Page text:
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We define a ring has unity and semisimple module is a direct sum of simple submodules.

There is a theorem states that

A direct sum of semisimple left $R$-modules is semisimple.

Proof: Suppose $M=\bigoplus_{i\in I} M_i$, where $M_i$ is semisimple module. Since $M_i$ is semisimple, we write $M_i=\bigoplus_{j\in J_i}M_{ij}$, where $M_{ij}$ is simple module. Therefore, we have $$M=\bigoplus_{i\in I}\left(\bigoplus_{j\in J_i}M_{ij}\right).$$

My Question: How do I proof that $M$ is still a direct sum?

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Perhaps you are hesitating because you are worried about checking condition for internal direct sums?

Think of it this way: you can view $M_i$ as an external direct sum of simple modules. Then you are forming an external direct sum of the $M_i$.

Then writing $$M=\bigoplus_{i\in I}\left(\bigoplus_{j\in J_i}M_{ij}\right)$$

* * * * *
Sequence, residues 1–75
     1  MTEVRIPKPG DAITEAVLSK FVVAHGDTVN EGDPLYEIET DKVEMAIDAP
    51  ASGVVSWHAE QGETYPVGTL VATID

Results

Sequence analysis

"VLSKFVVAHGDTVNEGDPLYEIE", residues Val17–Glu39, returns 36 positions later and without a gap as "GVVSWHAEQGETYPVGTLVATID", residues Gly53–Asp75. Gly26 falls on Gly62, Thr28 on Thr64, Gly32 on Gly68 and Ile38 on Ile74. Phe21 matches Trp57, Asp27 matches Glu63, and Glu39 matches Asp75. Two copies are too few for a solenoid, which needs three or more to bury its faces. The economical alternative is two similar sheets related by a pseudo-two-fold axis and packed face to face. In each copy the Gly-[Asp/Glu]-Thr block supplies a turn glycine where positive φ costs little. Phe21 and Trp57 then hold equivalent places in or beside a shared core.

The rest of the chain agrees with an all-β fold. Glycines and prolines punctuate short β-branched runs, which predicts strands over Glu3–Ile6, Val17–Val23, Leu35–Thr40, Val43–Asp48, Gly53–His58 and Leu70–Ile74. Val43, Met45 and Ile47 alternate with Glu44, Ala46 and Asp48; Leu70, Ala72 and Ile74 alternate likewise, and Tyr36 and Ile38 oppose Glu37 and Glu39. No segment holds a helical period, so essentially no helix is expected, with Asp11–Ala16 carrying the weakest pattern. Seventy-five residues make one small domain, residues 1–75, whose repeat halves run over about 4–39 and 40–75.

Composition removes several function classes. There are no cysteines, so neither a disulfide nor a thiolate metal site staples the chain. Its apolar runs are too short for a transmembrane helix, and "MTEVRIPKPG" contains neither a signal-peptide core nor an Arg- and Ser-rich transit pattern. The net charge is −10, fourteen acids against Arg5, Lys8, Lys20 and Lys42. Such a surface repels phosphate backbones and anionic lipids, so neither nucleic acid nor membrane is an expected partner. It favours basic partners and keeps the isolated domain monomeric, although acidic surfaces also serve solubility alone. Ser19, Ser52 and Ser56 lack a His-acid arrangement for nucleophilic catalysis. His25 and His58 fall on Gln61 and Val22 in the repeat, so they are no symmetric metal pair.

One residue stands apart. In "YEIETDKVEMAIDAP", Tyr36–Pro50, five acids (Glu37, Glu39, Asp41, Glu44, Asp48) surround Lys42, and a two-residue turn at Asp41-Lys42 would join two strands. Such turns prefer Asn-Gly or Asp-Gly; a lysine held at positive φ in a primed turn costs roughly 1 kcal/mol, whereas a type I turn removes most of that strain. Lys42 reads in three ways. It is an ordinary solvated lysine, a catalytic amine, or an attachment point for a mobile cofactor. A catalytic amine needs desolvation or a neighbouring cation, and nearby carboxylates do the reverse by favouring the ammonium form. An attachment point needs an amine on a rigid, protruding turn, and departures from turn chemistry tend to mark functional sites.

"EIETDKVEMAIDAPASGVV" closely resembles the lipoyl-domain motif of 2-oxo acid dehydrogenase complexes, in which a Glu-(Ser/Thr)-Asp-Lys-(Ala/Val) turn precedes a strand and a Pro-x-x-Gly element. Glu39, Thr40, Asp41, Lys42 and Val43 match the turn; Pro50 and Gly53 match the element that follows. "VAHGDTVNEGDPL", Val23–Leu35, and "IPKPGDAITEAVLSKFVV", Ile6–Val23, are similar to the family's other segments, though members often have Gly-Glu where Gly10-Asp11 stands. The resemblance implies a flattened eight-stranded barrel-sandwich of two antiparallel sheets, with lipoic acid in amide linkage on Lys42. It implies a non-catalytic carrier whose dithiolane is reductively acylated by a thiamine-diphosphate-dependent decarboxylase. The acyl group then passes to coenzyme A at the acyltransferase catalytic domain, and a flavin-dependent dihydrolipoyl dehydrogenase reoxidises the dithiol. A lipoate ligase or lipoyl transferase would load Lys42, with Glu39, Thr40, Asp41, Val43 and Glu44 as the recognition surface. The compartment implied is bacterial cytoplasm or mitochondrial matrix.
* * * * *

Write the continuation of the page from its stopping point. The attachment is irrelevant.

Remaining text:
is really no different than forming $J=\{(i,j)\mid i\in I, j\in J_i\}$

$$M=\bigoplus_{(i,j)\in J}M_{ij}$$

and every $M_{ij}$ is a simple $R$ module, so...

You could also argue with isomorphisms that the two things are the same, too, if you want to chase some arrows.

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  • $\begingroup$ Thanks. That was just my question. But I used the Theorem 2.4 in Lam's A First Course in Noncommutative Rings to avoid checking the condition. That is, it is sufficient to show that $M=\sum_{i\in I}\left(\sum_{j\in J_i}M_{ij}\right)$. $\endgroup$ – bfhaha Nov 8 '17 at 6:44

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